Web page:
There are a LOT of choices for supplements and everyone is going to have a personal favorite/opinion about each. I personally feed orchard grass/timothy because it provides adaquete protein, calories, and carbs. I supplement my hay during the winter with 6 cups of soaked beet pulp, 3 cups STABALIZED rice bran pellets (I use triple-crown), and 1 to 2 cups of ground or soaked flax seed. Beet pulp is a wonderful supplement, as it is a high calorie forage for the horse, and not a grain. It is high in calcium and low in phosphorus (two minerals that must be balanced within the horse) so I feed it with the rice bran which is high in phosphorus and low in calcium. Triple crown rice bran is stabalized within minutes that the rice is "husked", for lack of a better word. This is extremely important as it prevents fermentation and allows for a better shelf life. Rice bran is high in fat (this particular supplement is 20% fat) but it is also super high in starch, so I know that with a horse your size it is best to stay at a pound or less a day. It is important if you feed rice bran that you feed something with extra calcium, so if not beet pulp then the alfalfa pellets would be acceptable as alfalfa has a lot of calcium. Lots of people dislike alfalfa, as it is a "hot" feed that is high in energy. For some horses, alfalfa is a magic cure that puts on weight and they live happily ever after. Arabians are hot blooded horses, and for many of them alfalfa is not a good option. I personally do not feed alfalfa as there are many other alternatives that are healthier. If you do choose to feed alfalfa, hay is better than pellets because the horse consumes it slower and they have less of a chance of founder. Flax seed is high in Omega 3, and is very tasty and palatable to the horse. I like it because it gives that extra fat supplement and makes the horse very shiny and is a great alternative to grains. Omega 3's are not found in grains and only small amounts are in pasture grass. This combination of food amounts to about 4 pounds of feed, and it is only a supplement to the best quality hay I can find. I pay top dollar for my hay and feed my 900 pound arabian gelding around 13 - 15 pounds a day. He is also blanketed when it is below 40 degrees, which also aids in keeping weight as less energy is used to keep warm. All in all, this adds up to an average of 18 pounds of food every day, plus a couple carrots and pieces of fresh fruit for varieties sake. Just remember that a horse should eat 2% of his total body weight per day, so an 800 pound horse should be eating 16 pounds per day of forage, or forage supplemented with grain.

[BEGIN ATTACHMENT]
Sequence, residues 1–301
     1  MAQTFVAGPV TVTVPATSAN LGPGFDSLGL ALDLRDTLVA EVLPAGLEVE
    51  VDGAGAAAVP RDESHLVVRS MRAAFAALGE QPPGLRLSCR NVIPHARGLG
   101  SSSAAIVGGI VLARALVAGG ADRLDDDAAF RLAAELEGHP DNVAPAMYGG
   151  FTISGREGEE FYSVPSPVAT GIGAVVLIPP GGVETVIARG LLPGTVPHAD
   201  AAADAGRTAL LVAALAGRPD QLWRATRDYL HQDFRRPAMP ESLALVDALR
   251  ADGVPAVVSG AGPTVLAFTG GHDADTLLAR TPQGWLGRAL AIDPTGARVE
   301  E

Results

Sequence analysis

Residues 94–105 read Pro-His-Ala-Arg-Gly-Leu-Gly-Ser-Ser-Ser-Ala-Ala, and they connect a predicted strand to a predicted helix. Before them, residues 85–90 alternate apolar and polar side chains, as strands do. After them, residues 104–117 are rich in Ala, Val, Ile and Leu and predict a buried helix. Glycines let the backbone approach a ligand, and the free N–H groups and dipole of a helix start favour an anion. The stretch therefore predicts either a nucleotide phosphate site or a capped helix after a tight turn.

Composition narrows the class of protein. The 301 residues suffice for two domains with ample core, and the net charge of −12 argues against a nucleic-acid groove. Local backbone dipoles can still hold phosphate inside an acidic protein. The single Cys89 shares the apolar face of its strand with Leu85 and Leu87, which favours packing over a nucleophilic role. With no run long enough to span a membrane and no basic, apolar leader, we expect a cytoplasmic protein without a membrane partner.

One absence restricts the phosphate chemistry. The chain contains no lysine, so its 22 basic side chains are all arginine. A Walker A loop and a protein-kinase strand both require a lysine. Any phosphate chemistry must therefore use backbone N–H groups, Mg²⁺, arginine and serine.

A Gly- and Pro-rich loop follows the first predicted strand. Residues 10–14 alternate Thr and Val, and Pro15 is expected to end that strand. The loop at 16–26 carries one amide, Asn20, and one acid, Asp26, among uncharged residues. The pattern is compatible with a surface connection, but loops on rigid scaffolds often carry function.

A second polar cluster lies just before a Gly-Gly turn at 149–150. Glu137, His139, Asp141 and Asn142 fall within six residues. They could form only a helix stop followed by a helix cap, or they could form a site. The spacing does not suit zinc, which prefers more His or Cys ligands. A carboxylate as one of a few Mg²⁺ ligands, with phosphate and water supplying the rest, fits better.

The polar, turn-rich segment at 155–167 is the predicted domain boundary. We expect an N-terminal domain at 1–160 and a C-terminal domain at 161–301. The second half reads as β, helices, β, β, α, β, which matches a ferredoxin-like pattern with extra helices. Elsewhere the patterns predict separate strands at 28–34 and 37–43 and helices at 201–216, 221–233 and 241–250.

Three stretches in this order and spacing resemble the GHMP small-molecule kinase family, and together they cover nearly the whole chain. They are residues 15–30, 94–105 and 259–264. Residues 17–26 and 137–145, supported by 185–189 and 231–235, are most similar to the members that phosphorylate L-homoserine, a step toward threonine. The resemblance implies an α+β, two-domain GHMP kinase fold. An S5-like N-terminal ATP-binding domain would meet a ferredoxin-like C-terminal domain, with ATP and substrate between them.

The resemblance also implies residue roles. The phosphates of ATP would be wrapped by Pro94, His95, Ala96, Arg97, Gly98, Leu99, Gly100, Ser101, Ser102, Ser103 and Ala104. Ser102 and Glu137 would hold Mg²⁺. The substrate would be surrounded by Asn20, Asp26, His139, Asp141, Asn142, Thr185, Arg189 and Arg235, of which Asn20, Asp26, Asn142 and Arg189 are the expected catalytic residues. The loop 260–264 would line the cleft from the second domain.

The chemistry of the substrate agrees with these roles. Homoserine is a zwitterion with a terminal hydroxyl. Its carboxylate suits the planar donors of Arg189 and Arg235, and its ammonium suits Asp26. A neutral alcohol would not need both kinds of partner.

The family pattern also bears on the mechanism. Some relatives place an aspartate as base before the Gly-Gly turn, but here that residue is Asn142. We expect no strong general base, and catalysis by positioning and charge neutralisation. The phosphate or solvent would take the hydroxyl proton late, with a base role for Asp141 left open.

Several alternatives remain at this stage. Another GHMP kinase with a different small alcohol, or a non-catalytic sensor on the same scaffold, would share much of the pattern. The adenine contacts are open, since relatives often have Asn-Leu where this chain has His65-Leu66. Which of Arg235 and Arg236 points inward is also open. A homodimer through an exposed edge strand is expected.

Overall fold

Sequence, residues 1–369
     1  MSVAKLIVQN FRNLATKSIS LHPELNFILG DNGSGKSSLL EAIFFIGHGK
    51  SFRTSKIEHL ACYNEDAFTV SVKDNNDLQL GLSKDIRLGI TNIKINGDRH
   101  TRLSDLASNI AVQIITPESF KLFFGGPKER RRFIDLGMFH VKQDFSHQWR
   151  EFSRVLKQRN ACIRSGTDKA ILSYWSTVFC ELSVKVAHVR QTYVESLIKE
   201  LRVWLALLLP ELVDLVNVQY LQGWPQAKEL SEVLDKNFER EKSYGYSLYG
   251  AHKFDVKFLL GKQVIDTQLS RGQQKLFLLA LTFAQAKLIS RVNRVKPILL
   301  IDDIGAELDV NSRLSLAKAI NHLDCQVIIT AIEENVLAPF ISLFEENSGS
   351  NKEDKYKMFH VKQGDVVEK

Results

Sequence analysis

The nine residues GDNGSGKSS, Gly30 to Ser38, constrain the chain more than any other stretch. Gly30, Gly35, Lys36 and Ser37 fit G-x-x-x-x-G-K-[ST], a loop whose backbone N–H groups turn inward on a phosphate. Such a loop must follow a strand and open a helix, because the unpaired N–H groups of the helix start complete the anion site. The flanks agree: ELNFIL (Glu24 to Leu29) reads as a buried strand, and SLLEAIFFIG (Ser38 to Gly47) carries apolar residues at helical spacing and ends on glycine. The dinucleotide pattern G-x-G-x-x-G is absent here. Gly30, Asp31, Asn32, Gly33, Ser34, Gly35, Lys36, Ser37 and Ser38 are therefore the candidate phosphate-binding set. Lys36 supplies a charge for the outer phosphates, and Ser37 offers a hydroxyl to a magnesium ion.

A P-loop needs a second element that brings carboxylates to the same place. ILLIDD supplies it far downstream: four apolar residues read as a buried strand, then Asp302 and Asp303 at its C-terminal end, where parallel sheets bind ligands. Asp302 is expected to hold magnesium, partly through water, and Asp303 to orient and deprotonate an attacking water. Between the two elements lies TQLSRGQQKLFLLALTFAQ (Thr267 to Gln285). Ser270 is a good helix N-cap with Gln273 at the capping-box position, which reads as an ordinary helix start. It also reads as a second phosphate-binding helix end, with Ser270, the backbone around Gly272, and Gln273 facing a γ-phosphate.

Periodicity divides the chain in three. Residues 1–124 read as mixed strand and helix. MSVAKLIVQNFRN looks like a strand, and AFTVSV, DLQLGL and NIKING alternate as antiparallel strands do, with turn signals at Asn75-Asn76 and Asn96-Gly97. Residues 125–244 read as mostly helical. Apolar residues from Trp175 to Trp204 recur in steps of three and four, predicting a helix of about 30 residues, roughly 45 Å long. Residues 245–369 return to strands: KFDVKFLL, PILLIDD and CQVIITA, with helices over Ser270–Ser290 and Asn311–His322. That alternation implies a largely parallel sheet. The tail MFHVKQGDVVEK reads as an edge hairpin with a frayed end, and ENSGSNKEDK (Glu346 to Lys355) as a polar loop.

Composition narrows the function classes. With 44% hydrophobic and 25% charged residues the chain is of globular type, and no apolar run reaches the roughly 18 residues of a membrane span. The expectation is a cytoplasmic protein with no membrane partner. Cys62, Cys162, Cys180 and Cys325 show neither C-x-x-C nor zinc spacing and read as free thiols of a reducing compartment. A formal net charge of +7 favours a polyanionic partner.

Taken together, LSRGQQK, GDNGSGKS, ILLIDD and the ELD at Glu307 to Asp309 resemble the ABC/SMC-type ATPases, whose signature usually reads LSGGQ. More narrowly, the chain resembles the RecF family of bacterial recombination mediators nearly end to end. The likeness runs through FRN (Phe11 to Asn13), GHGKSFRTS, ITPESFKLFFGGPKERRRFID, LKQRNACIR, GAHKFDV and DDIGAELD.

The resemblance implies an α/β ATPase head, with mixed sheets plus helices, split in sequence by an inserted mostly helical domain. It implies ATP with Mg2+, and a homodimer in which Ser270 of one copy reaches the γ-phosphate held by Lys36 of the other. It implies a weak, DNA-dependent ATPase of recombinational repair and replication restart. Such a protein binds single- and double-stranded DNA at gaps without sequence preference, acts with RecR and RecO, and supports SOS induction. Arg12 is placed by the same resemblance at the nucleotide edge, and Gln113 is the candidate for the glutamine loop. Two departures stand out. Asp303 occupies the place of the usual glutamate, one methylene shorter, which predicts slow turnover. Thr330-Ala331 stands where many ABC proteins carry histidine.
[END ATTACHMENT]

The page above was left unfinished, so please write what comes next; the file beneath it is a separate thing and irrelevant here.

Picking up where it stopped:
So, my recommendation would be to feed something similar to what I am doing, but I can totally understand if you do not want to spend as much money each month as I do on feed. I only have one horse, and his monthly bill averages at 145 dollars for feed alone. If you want to, you can put your horse back on senior feed. I personally like TDI-Senior because it is cheap and contains beetpulp, and I think it is better quality than other brands. Sr. Feeds are complete feeds and almost all are grain based. These will not make your mare hot, but they will give her more calories and more energy. They are also very safe for novices to feed, as they are balanced for you and you just feed to your horses weight. I personally do not feed complete feeds, and I wouldn't do it unless I couldn't afford feeding the way I do now. Anyway, I'm done with my super long post and hope this helped!
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post #10 of 11 Old 10-11-2008, 10:02 AM
Green Broke
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Lacey has a good diet. I just wanted to point out that a horse should get NO LESS than 1.5% of their body weight in hay/forrage daily. That's 15 lbs for a 1,000 lb horse. Concentrates should make up no MORE than 50% of their daily diet by weight to keep the gut healthy.

That said, studies have shown that horses are healthier long term on diets consisting of 80-90% hay or forrage, grass hay or mixed grass hay. Horses fed a higher percentage of concetrates have a greater risk for developing ulcers, laminitis/founder, and metabolic problems.

Also, you don't have to soak or grind flax in the US. Flax grown here is not toxic to horses in its whole form. I have feed whole flax seeds in the past with no problems.